It’s everything you’ve seen before, only better. I’ll track your steps, exercises, and calories burned, but there’s more to it than that.

Most importantly, it’ll keep an eye on your heart rate at all times, proving particularly ideal during exercise. By using its heart rate zone feature, you can see exactly how hard you’re working while exercising, knowing when to ramp it up and when to tone it down. It also means that the calories burned statistic is far more accurate than before.

Alongside that, its sleep tracking is more efficient than on any other model. Via heart rate tracking, it’ll show you exactly when you’re in light, deep, and REM sleep, using that information to demonstrate how your heart rate affects your sleep quality.

For the fashion conscious, there are customizable clock faces, and the option for different wristbands too.

Fitbit Charge 2 ($130)

Bulkier and older yet the same price as the Fitbit Alta HR, why consider the Charge 2? It’s a pretty situational thing. Except hardly anyone is really going to need that situation any more.

Where the Charge 2 may appeal is through its large OLED screen. If you tap it, it’ll tell you a little more than the Alta HR does without the need for your phone. Things like information on your fat burn zone, as well as what kind of exercise you’re performing, will show up. There’s also a guided breathing session mode too which is great for those trying to find a moment of inner calm.

Ultimately, though? This wearable isn’t as stylish as the Alta HR and it doesn’t offer the functionality of a ‘proper’ smartwatch. This one’s only worth a purchase if you can find it far cheaper than its RRP, or if your eyesight means you need a more prominent screen.

Fitbit Blaze ($149)

The Fitbit Blaze was Fitbit’s first foray into smartwatches back in 2016. While it’s a little dated now, it’s also well priced, making it worth some consideration.

Alongside the usual bunch of features, it offers extensive notification for your smartphone, along with GPS functionality via your phone. With its color touchscreen, you can keep an eye on exactly what your body is doing in a much clearer fashion than before. You can also receive push notifications from apps like Gmail and Facebook, along with being able to control your phone’s music from your wrist.

Its GPS functionality provides you with map-based details on your walks and runs, seeing exactly where your pace changes and improves. There are on-screen workouts via Fitstar too which can be useful if you don’t want to use an app on your phone.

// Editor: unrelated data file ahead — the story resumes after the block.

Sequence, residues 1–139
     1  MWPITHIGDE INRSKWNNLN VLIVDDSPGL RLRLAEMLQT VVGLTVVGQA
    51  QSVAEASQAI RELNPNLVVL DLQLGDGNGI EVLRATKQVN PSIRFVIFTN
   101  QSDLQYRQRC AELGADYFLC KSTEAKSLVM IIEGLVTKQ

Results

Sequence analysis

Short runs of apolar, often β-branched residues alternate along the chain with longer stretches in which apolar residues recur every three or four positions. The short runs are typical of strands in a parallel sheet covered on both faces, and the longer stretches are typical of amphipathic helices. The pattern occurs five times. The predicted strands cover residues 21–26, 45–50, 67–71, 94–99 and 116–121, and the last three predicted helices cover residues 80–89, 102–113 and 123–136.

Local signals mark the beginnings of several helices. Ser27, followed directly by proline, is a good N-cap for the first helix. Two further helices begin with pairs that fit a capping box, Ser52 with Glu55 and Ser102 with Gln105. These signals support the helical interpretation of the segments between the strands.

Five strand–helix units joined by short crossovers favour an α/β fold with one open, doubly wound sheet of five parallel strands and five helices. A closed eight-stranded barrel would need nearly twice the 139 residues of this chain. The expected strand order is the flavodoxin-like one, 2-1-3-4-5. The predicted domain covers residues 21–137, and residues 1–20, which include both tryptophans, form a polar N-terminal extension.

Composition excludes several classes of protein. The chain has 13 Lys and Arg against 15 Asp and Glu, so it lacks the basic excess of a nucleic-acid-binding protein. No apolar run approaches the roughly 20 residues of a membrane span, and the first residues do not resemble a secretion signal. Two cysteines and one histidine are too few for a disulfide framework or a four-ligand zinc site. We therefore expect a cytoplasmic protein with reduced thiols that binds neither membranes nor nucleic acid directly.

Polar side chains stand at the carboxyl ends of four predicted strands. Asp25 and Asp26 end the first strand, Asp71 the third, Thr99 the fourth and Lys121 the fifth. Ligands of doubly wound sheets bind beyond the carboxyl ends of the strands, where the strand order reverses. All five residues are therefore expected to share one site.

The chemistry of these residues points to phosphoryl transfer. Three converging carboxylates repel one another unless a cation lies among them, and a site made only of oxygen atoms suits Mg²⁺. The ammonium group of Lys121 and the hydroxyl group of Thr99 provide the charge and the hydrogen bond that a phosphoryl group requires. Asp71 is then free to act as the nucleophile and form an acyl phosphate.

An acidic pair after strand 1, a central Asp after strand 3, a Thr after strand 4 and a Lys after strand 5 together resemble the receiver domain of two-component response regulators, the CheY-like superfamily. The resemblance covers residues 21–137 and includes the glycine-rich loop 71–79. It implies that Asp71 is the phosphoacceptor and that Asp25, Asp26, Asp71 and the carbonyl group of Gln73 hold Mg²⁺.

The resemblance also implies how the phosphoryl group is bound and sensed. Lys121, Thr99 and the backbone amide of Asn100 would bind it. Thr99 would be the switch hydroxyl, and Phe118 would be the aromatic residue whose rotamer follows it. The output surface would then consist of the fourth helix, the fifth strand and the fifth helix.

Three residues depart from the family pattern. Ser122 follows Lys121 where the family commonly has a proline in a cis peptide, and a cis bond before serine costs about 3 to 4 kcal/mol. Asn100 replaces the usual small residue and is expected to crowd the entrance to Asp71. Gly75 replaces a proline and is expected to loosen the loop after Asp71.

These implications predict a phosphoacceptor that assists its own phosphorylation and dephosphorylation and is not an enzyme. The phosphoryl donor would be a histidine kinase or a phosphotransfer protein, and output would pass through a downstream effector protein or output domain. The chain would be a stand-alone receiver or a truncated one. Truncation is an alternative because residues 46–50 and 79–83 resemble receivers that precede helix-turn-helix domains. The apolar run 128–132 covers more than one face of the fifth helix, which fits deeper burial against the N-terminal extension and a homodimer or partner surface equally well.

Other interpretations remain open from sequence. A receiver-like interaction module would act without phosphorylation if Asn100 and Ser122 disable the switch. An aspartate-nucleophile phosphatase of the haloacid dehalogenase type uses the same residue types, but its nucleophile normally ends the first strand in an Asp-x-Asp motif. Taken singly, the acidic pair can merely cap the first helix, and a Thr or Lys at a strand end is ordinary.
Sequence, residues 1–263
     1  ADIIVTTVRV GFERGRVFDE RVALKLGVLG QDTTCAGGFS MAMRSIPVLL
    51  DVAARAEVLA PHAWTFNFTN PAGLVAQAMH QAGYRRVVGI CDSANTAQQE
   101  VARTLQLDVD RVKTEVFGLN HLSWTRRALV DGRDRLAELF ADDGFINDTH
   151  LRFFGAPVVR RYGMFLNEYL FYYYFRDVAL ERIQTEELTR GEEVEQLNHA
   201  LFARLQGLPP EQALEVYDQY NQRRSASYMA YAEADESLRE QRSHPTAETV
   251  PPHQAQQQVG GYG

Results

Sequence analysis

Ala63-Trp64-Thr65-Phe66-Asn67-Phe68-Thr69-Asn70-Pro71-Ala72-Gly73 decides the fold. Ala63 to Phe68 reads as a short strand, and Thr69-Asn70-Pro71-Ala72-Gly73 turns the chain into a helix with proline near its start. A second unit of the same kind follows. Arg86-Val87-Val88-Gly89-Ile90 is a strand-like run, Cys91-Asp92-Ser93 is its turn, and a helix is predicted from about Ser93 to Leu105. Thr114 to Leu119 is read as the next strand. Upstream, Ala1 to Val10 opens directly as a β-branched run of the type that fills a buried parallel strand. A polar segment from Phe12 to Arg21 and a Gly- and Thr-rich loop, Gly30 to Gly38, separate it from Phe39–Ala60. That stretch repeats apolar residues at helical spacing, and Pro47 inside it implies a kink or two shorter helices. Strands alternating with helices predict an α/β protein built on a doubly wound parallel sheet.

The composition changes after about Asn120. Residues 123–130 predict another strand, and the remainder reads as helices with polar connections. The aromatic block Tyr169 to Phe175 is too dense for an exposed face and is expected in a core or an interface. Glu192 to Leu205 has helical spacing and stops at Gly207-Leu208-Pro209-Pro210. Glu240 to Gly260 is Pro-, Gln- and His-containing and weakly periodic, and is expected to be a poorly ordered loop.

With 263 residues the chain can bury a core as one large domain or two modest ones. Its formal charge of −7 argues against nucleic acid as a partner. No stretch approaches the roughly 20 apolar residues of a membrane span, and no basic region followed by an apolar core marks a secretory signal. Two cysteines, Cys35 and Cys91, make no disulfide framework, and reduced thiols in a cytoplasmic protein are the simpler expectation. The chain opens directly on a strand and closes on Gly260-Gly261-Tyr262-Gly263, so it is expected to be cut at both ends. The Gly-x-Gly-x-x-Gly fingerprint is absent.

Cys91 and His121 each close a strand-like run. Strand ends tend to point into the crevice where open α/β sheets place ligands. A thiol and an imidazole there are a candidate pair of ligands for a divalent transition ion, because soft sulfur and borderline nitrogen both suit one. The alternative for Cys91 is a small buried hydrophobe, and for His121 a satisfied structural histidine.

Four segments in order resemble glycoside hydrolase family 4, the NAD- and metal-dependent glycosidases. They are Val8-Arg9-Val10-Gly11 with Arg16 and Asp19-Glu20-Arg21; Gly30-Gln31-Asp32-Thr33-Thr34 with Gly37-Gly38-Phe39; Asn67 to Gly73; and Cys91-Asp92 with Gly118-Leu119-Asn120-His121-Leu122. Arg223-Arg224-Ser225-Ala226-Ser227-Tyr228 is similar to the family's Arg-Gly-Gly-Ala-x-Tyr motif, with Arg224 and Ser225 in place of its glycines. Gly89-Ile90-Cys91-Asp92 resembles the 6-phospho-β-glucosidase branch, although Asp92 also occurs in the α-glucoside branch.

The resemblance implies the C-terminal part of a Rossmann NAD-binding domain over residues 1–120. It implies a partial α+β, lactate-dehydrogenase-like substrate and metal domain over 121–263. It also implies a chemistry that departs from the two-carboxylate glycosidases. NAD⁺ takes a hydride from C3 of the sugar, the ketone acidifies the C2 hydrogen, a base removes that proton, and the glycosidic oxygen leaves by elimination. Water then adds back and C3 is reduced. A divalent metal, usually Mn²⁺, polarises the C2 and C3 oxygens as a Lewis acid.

By current smartwatch standards, the Fitbit Blaze is a little simplistic. However, if you don’t want to dive straight into a ‘proper’ smartwatch, it has its uses, and it’s certainly keenly priced these days.

Fitbit Ionic ($270)

The latest and greatest Fitbit out there, the Fitbit Ionic is going to set you back a fair bit, but that’s because it’s a true smartwatch, not just a fitness wearable.

It offers built-in GPS ensuring there’s no need to take your phone everywhere. It’ll also store and play over 300 songs, giving you even less reason to need your phone at your side.

On the fitness side of things, besides tracking everything, it’ll provide you with personal coaching and workouts that play on screen. It’s also water resistant, offering enhanced swim tracking capabilities so it’ll monitor your stroke style as well as the amount of laps you complete.

The guided breathing sequences first seen in the Charge 2 are far superior this time round, all tying together to provide an expansive service to those looking to be healthier.

You can also download new apps to it, as well as pay for certain services through Fitbit Pay, providing your bank supports the service. A battery life of up to 5 days means no excessive need to charge too.

If money is no object, this is the Fitbit for you.

Images courtesy of Fitbit.

Jennifer Allen Jennifer Allen
Jennifer is a freelance writer for ReviewGeek. In the past decade, she's also written for Wareable, TechRadar, Mashable, Eurogamer, Gamasutra, Playboy, and PCWorld. Read Full Bio »